Often disorientated, but also seduced by the complexities of the topic, I’ve been revolving around the same question for a year: How can phenomenology and embodied cognitive science help us understand cases of abnormal embodiment, like cerebral palsy?
Currently I’m working on the theory of affordances, as originally proposed by Gibson in 1979. The notion of affordance, conceived as the opportunities for action for an agent in an environment, has played a central role in embodied cognitive science -especially in the radical, non-representationalist versions-. One of the reasons is that it provides a tool to explain the engagement of the animal (or person) with its environment avoiding the issues associated with explaining cognition in terms of representations and computations.
According to Gibson, we perceive affordances directly, in our environment, without mental inferences. We perceive familiar objects as already inviting us to engage with them: chairs to sit on, apples to grab and eat, friends to talk to, and so on.
Another aspect of Gibson’s theory that, I think, cognitive scientists have found appealing, is that it is consistent with -though irreducible to- scientific realism: the claim that the world as described by science exists independently of there being anyone to perceive it. Therefore, Gibson offers an account of perception and action that can be included into our respected scientific theories, that gets rid of representation and computation, and can be mathematically modelled using dynamic systems theory. That fits very well into what embodied cognitive science looks for, as a reaction to the old-fashioned classical cognitive science.
The wide range of phenomena that has been studied through the lens of the theory of affordances counts as evidence of its potential. Only in the field of psychopathology, it has been applied to obsessive-compulsive disorder, schizophrenia, depression, and autism, among others.
Despite the potential of Gibson’s theory, it seems to me that its conception of the body of the agent is still impoverished, taking it to be merely as an accessory that allows him to move around, explore, and discover information that was already in the independent environment. If we conceive the body in such a limited manner, we end up with a very poor understanding of cases in which the agent’s body is abnormal: the most we can say is that he can’t engage with some of the affordances in the environment, that his abilities to explore are diminished, so that some of the available information will remain unknown to him, and similar statements.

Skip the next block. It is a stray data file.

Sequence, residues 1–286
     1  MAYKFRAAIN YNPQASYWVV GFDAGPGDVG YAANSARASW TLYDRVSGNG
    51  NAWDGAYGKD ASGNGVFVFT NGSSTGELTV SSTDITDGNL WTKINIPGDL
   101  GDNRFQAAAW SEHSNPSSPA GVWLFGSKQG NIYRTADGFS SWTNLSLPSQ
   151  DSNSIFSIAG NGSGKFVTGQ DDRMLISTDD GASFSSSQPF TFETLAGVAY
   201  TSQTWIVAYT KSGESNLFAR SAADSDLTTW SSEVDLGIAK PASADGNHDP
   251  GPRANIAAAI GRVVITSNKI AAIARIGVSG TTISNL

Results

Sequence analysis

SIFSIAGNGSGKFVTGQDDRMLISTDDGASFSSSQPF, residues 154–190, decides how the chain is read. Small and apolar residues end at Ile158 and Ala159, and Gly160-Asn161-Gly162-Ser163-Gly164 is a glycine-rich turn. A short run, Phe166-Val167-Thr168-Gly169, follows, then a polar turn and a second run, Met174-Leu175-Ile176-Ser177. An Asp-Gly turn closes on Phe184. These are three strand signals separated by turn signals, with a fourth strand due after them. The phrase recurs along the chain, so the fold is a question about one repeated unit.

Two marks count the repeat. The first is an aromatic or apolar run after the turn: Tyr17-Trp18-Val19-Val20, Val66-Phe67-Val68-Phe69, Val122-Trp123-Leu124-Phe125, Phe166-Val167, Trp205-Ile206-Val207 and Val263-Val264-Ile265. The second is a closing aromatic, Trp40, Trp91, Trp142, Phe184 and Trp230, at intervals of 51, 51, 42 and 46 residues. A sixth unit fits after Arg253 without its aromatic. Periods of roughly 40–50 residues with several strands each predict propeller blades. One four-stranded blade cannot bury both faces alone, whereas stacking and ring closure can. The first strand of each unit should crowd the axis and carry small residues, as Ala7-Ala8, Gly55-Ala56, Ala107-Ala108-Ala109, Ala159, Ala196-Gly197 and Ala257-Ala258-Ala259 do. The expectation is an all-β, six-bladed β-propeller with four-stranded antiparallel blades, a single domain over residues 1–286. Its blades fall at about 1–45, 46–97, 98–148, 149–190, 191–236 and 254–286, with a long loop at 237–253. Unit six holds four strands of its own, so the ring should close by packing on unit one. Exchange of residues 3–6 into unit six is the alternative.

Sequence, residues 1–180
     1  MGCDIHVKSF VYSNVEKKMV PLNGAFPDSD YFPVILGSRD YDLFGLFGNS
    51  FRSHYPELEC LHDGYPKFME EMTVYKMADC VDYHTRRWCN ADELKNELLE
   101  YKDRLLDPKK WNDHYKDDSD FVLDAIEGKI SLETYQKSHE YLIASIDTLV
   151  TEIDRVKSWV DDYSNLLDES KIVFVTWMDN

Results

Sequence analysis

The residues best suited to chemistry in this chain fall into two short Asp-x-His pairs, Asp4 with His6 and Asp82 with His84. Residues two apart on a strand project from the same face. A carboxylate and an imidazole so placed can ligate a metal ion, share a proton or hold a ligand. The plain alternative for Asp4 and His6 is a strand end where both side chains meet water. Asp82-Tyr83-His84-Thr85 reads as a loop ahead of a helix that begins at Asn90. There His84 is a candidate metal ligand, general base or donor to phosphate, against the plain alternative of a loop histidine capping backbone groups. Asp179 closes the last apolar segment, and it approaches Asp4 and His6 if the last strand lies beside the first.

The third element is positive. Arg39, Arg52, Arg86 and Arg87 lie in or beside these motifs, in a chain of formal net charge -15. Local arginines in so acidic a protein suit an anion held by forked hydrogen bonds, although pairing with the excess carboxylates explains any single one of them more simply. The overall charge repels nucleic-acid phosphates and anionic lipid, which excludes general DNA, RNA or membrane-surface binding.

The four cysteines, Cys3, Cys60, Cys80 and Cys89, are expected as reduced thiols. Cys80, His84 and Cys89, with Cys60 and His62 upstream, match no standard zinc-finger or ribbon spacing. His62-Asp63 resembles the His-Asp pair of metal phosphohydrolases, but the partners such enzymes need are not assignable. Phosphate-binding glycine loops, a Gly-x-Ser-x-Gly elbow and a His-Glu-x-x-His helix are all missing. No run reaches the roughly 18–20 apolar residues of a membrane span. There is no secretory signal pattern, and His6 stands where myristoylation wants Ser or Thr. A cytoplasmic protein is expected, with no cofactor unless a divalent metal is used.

On the other hand, the phenomenological tradition -especially Husserl and Merleau-Ponty- has developed a rich and insightful account of embodiment and its role in how we get to experience the world as this meaningful, intersubjective horizon, where all our activities and interests take place. Husserl has shown that the body can be conceived as both an object in the world, but also an experiencing lived body around which the world emerges for the subject.
If we understand the role of embodiment underlying the constitution of the world for the perceiving subject, we can also understand better the impact of a motor control disorder for the constitution of that meaningful world.
Briefly, what is missing from the current theory of affordances and embodied cognitive science is an account of meaning: how does it emerge for the agent, how does it evolve in connection with embodiment variations, how can it be shared by a community? This difficulty, I think, is a consequence of Gibson’s ontological commitment with realism.
The intuition I’m pursuing is that it should be possible to enrich the notion of affordance by complementing it with a phenomenological account of embodiment. Such a richer notion will allow us to understand the essential role that embodiment plays in our engagement with affordances, as well as our constitution of them as meaningful structures. Furthermore, this approach can enter into a fruitful dialogue with empirical studies of abnormal processes of embodiment, of which I hope to talk about in another entry of this blog.